I have made crusts with all butter, all shortening and with a blend of the two (my personal favorite) and get good results with all of these options. This is my basic all shortening recipe and it should deliver just as good results for you as it does for me.
If I were to meet them in person, I would give Girl Scouts Rhiannon Tomtishen and Madison Vorva each a big batch of my homemade Girl Scout cookies because they are trying to change the way that the Girl Scout organization bakes their iconic Girl Scout cookies. These two girls set to work on a project to raise awareness of endangered orangutans and how their habitats are being destroyed. They discovered that much of that land was being cleared to make way for palm oil plantations. Palm oil is used in many different foods as a non-hydrogenated fat, but the one that stood out the most to these two girls is that palm oil was used to make Girl Scout cookies. It was a surprising realization and they decided to shift their campaign away from simply raising awareness and towards removing palm oil (or getting it from only sustainably grown sources) from Girl Scout cookies. Already, members of more than a few scout troops are saying that they no longer want to sell Girl Scout cookies.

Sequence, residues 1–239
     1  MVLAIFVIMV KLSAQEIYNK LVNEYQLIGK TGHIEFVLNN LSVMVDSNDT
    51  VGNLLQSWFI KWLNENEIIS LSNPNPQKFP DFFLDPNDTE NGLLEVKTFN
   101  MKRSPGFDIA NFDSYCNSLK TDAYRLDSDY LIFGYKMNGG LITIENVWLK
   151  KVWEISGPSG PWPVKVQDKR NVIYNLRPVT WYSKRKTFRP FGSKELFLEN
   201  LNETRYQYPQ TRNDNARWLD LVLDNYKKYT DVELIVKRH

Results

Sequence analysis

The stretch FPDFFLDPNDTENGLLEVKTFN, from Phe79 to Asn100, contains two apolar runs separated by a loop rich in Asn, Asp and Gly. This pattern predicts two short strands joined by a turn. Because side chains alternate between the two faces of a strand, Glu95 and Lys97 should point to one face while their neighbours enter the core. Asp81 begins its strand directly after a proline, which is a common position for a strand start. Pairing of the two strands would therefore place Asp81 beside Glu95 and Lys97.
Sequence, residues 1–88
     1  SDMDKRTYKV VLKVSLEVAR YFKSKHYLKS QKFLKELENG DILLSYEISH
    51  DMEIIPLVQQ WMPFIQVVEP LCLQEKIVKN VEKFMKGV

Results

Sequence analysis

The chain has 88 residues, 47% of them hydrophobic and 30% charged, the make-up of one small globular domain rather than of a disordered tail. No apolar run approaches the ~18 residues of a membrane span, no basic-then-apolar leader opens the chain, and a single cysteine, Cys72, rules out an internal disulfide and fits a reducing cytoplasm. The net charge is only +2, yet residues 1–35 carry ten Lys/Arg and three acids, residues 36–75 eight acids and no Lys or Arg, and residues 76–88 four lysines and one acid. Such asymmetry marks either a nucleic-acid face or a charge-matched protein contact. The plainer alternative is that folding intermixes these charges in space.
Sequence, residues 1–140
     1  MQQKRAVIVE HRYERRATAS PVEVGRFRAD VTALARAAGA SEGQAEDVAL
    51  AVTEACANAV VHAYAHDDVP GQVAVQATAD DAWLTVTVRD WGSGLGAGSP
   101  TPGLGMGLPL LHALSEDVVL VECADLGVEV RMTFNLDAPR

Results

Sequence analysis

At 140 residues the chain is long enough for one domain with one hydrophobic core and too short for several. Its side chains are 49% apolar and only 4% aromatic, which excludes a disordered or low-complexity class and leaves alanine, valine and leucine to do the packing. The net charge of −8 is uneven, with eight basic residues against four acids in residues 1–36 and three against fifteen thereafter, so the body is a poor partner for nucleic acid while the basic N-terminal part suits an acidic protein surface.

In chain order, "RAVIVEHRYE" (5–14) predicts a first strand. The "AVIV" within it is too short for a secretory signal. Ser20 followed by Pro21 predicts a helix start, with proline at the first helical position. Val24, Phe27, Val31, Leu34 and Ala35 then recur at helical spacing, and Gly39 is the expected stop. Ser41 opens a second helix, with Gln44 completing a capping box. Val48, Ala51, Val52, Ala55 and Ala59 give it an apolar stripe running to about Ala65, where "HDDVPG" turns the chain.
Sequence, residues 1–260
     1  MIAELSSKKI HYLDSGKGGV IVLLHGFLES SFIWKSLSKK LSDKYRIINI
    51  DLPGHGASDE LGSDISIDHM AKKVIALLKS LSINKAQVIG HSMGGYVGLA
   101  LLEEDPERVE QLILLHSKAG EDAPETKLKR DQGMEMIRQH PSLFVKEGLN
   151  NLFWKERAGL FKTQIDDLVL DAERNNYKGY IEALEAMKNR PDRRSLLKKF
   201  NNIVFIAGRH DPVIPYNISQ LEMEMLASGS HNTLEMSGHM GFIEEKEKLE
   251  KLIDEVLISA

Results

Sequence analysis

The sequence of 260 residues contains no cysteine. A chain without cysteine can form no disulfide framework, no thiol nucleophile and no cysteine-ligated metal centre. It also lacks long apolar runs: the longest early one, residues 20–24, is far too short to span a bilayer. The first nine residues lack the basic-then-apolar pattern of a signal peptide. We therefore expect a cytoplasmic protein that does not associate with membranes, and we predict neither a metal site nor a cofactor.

Girl Scouts spokespeople say that there is no viable alternative to using palm oil in their cookies because they need them to be “sturdy” and have a long shelf life. Sustainably grown palm oil is simply too expensive and there isn’t enough of it to meet their demand. The bakeries began to make the switch to using palm oil from partially hydrogenated oils in 2006, after coming under fire for having trans fats in their baked goods.
Pie crusts are usually made with butter, shortening or a combination of the two. The solid fats are rubbed into a flour mixture, creating a dough that resembles coarse, wet sand before some liquid is added to it and you can press it together into a ball. The procedure is the same, but the two fats will give you different results in your recipes.